|Where Are They Now? Interview with Bob Foster - Boxing
INTERVIEW by Shawn M. Murphy (June 12, 2008) Doghouse Boxing
Recently I had the great pleasure to speak to former light heavyweight champion Bob Foster. Without question he was one of the greatest light heavyweights of all time, and there are those that say he may in fact be the greatest. Foster had limited success as a heavyweight, but he owned the light heavyweight division. He beat Dick Tiger in 1968 for the world title. He was stripped by the WBA of his title in 1971, but kept on defending his WBC portion. In 1972 Foster unified the title, beating Vincente Rondon by a second round KO. Throughout his career he would defend his title fourteen times.
He would fight twice for the heavyweight title, losing to Joe Frazier and Muhammad Ali. Foster retired in 1974, but came back in 1975 and fought seven more times, winning five. He retired for good in 1978 and was inducted into the International Boxing Hall of Fame in 1990.
SM: Mr. Foster the light heavyweight division has been filled with many great fighters over the years-Archie Moore, Ezzard Charles, Gene Tunney, Billy Conn. Point blank are you the greatest of them all?
SM: Let’s go back to the beginning. How did you get your start in boxing?
BF: I started boxing at the age of thirteen in the Golden Gloves in Albuquerque. Joe Louis Murphy was the main trainer of the kids in the gym. Joe Louis Murphy left to go into the Air Force, and then I went into there as well. In the Air Force I just continued to box.
SM: Muhammad Ali was chosen in the light heavyweight division on the 1960 Olympic team over you. How upset were you by this?
BF: It didn’t bother me. They wanted to drop me to middleweight, which I couldn’t do. If they would have put Ali at heavyweight, we would have won more medals that year. It was a bad coaching decision. Ali told the coaches that too. I tried to get to middleweight, but I couldn’t get down past 168; I was getting weak. It didn’t faze me, I went back and turned pro.
SM: In the 1960’s you moved up and fought well known heavyweights like Doug Jones, Ernie Terrell and Zora Folley, losing to all three. Were they better overall or was it simply the weight difference that got you?
BF: They had been pros longer, and they were better fighters at the time. I took the fights because I needed the money. I wasn’t even a ten round fighter when I took those fights. Jones, Terrell and Folley were all top contenders. And I only weighed about 170 pounds. These fights would have been a different story later in my career. I wasn’t even rated then, I just filled in for who they were supposed to fight.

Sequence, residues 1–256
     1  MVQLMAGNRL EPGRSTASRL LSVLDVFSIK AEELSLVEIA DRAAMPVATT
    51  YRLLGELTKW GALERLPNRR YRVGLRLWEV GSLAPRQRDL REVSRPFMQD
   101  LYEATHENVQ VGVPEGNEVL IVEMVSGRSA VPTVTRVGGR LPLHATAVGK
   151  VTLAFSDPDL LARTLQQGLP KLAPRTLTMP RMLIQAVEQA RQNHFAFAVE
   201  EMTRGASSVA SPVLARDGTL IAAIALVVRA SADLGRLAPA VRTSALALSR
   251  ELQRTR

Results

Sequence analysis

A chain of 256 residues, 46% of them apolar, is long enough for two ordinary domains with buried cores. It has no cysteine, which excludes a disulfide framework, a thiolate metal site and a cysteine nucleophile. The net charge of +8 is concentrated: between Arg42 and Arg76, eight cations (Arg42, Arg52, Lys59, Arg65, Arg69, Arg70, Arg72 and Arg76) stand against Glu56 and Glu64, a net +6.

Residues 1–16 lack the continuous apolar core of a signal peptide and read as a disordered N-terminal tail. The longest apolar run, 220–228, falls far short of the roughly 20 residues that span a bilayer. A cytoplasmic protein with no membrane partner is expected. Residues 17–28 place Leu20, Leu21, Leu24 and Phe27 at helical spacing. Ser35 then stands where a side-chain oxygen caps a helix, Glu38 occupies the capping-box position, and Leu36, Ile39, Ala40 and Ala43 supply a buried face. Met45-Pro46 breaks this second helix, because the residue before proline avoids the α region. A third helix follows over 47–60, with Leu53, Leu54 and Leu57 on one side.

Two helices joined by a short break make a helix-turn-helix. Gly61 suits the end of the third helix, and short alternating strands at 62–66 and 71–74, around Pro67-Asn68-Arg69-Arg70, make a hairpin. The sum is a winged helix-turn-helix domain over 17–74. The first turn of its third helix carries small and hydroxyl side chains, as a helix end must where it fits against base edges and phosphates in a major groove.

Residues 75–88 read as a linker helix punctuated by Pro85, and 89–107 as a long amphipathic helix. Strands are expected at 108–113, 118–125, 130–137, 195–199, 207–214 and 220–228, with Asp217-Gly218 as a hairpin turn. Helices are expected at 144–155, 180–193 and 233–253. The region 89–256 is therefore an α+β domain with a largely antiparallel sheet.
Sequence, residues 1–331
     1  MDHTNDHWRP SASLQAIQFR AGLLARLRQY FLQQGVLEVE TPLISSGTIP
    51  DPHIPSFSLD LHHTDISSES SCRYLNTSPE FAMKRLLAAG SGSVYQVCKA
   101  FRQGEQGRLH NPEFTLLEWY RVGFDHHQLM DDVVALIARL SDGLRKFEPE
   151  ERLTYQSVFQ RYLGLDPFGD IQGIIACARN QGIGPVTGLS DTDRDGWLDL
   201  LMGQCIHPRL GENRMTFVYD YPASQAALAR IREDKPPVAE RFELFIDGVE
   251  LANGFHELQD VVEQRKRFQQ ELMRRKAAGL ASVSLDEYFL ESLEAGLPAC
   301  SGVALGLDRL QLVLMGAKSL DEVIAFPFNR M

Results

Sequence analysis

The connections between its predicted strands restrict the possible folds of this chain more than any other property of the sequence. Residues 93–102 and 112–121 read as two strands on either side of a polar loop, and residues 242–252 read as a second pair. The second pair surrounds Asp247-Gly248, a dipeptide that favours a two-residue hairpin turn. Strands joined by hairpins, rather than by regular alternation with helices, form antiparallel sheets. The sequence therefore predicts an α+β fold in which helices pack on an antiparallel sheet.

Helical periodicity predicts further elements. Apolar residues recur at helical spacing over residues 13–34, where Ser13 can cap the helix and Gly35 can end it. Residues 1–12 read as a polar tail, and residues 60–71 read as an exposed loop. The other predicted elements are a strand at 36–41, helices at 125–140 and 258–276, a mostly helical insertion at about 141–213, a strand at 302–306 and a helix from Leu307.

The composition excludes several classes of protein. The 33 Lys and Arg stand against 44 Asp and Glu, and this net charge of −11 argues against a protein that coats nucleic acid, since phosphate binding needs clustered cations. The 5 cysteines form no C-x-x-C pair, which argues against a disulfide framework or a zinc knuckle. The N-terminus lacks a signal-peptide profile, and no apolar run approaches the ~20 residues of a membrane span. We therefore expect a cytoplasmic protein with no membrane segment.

SM: Take me back to 1968 and the Dick Tiger fight. Had Tiger ducked you until he had no choice but to fight you?
BF: Yeah he ducked me, and he would have continued to duck me if I didn’t put up $100,000. I was the #1 contender for three years, but Tiger was a Garden fighter. So it was hard for me to get a shot. He wouldn’t fight me until I put up $100,000 to get a title shot.
SM: You knocked him out in the fourth round, was that the best punch you ever threw?
BF: Every left hook I threw was good. That shot wasn’t my best, it just landed in the perfect spot.
SM: Was this fight the highlight of your boxing career?
SM: In 1970 you stepped up to the heavyweight division to fight Frazier for the title. Did you think you had a legitimate chance to beat Frazier or was it too good a payday to pass up?
BF: Yeah, I thought I could beat Frazier. If he would have fought me in the second round like he did in the first round, I’d have knocked him out. I would have been the Heavyweight Champion of the World!
SM: Did you and Frazier really go out after the fight and have a few too many drinks as has been reported?
BF: I can’t exactly remember if we did that night or not, but we were good friends. After that fight, Yank Durham became my manager too.
SM: What do you remember most about the Ali fight in 1972? You were outweighed by just over 40 pounds. Would it had been different if you were say 200+ and not 180?
BF: Yeah, it would have been different. Ali even said it would’ve been different if “Bobby weighed 190-195”. If I had weighed 200 lbs, I would have beaten them all. I would have knocked Joe Frazier out.
SM: In 1973 you fought Pierre Fourie twice, winning 15 round decisions both times. I have read that it was at this point that you said you “just weren’t right anymore”. Can you elaborate on that?
BF: I said that after my fight with Jorge Alhumada. I just knew I didn’t have the strength and energy to box like I used to.
SM: You retired in 1974, came back in 1975 and fought seven more times through 1978. For you personally, what were the reasons for the comeback?
BF: I wanted to see if I wanted to continue fighting. I didn’t know if I was really ready to give it up. I just got tired, and it wasn’t fun anymore.
SM: Since retirement I know you worked and retired from the San Bernalillo County Sheriff’s Department in New Mexico. What else has Bob Foster done in retirement?
BF: Not too much these days.
SM: Do you keep in touch with any former fighters?
BF: Not too much. I see some of them at the Hall of Fame dinner, and sometimes at other events.
SM: Any thoughts on the current state of boxing and do you follow boxing much these days?
BF: I think there are too many champions. You don’t know who the champions are today. Boxing is like a game, it has been ruined by money.
SM: Mr. Foster is there anything else you want to tell your fans out there?
BF: Please tell all my fans that I love them, and they can find me at my website www.bobfosterboxing.com
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